I strongly suspect that Wilfrid, who loved Scotland’s more rugged landscape, taught himself the bagpipes and took to wearing the kilt at family celebrations, would have voted yes. If something in Scotland claimed his soul, his political calculations also saw the benefits of living and working north of the border – years ago he told me, with a baleful shake of the head, that the NHS in England and Wales was finished.  

But I would have argued with him about how to vote. On the one hand, independence is no guarantee of a socialist future – a Scotland having to clamour on its own behalf for international investment might find itself settling for something less idealistic. It's possible that independence would result in a shift to the right on both sides of the border. On the other hand, walking out on the UK’s problems is, in its own way, a failure of imagination. Austerity will not serve as a permanent excuse to screw the poor and reduce taxes on the rich. We won’t be ruled by Cameron and Osborne forever. And we have more chance together than alone of ending their temporary ascendancy. 

Running deeper than the ebb and flow of politics, there are surely bonds of culture and history and shared interests that unite us across our geographic borders.


Thursday, 11 September 2014

How would you choose the year's best books?

Previously published in the Bangladesh Daily Star

Last year’s Man Booker prize long list represented five continents and seven countries, with authors from Australia, Canada, Malaysia, New Zealand and Zimbabwe, alongside three from Ireland and five from Britain.

This year, for the first time, the prize has been opened to writers from the USA. Oddly, the widening of its geographical scope seems to have coincided with a narrowing of its cultural reach. On the recent long list a single Australian novel represented the Commonwealth, with two from Ireland, four from the US and six from Britain, though these six include Neel Mukherjee who grew up in India and whose novel tells the story of a Bengali family in Calcutta. With this exception, in subject matter as well as authorship the chosen novels seem to be largely rooted in Western experience, And there’s a marked gender imbalance – only three female writers out of 13, whereas last year’s list was evenly split, with 8 women and 7 men.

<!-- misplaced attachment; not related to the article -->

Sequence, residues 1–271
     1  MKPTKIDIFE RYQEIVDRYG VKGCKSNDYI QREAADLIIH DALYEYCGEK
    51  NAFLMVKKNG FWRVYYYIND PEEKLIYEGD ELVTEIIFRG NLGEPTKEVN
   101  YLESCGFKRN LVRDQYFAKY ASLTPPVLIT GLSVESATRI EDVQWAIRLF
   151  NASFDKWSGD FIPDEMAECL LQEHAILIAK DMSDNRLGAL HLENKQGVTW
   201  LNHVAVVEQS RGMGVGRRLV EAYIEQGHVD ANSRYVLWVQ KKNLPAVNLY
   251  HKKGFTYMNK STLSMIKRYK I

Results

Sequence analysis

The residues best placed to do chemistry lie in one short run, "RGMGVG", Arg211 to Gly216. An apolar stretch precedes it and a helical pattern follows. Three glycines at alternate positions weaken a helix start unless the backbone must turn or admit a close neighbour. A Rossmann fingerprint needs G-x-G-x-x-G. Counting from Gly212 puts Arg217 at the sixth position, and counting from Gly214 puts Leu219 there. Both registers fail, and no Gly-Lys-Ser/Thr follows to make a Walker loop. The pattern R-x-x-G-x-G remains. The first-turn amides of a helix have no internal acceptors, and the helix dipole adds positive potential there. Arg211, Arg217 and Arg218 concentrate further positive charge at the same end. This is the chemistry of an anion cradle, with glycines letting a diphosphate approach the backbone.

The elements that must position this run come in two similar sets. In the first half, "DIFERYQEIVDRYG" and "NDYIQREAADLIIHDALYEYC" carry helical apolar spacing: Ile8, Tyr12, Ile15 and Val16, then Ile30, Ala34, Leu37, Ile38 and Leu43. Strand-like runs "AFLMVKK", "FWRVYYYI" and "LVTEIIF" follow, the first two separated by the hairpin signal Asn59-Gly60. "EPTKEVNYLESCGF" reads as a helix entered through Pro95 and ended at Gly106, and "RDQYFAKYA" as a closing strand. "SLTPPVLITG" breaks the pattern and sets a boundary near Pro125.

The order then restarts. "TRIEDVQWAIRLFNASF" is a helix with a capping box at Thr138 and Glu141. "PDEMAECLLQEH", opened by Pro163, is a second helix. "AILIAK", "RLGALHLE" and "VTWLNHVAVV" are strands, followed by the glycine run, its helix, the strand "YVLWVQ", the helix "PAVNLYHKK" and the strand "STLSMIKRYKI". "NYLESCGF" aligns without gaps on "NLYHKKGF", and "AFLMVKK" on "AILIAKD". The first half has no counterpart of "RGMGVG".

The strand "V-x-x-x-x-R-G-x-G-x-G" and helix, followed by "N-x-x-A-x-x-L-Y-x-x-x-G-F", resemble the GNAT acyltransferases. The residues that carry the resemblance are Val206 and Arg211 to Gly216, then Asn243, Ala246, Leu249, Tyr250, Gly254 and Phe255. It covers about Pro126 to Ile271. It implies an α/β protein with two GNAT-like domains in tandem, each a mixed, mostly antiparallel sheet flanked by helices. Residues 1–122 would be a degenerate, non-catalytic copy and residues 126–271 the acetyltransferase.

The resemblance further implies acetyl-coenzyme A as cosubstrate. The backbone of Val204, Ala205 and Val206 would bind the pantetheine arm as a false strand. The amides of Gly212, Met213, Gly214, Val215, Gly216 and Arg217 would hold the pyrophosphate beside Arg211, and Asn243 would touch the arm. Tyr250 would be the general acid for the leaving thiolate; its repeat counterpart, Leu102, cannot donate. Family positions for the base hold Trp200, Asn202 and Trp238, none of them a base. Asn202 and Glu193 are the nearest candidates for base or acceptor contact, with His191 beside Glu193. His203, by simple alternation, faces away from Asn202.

Publishing that 2013 list, the judges, chaired by travel writer and scholar Robert MacFarlane, described it as ‘surely the most diverse’ in the prize’s history, evidently considering that something to brag about. This year’s judges have apparently taken a different approach. The chairman, philosopher A.C. Grayling, said, ‘Our guiding principal was merit. We didn’t ask about the nationality or gender, there was no question of tokenism.’ That sounds admirable – as a philosophical abstraction. Tokenism is generally objectionable, and what could be wrong with basing your judgements on ‘merit’?

But artistic merit is a slippery concept. Three years ago, some of the judges raised eyebrows when they revealed the basis on which they’d made their decisions. That year’s chairman, retired spy Stella Rimington, set the tone, saying they’d been ‘looking for enjoyable books… readable books.’ MP Chris Mullen had been in no doubt from the start that the winner would have to ‘zip along’. It seemed not to have occurred to them that a book might make demands on a reader and offer more subtle rewards, or that as judges they had a greater responsibility than someone sounding off at a party about what kind of books they happened to like.

In an article in the Guardian accompanying news of this year’s long list, the American writer and critic Erica Wagner indicated a more thoughtful set of criteria. She and her fellow judges had been drawn to ‘vivid characters’, and impressed by books that would bear re-reading or that stand out for the quality of their language, ‘ambitious’ books that deal with large questions, about ‘the making of art’, or about ‘what it means, finally, to be human’. 


These judges had clearly applied their minds to an informed discussion of what ‘best’ might mean. And yet I can’t help wondering whether, if I were a judge, I would have the confidence in the objectivity of my judgement not to step back and take a look at the overall shape of the list I was helping to construct, not to take note of nationality or gender, and not to wonder if, in favouring writers whose cultural experience happened to be closer to mine, I might be underappreciating less familiar qualities.

Monday, 1 September 2014

Healthcare and the great privatisation scam


To join day 3 of The People’s March for the NHS, I planned to catch the 7 am train from King’s Cross to Darlington. To cover the remaining 12 miles to Ferryhill in time for the 10am set-off, I would have to hitchhike – the country bus would take too long.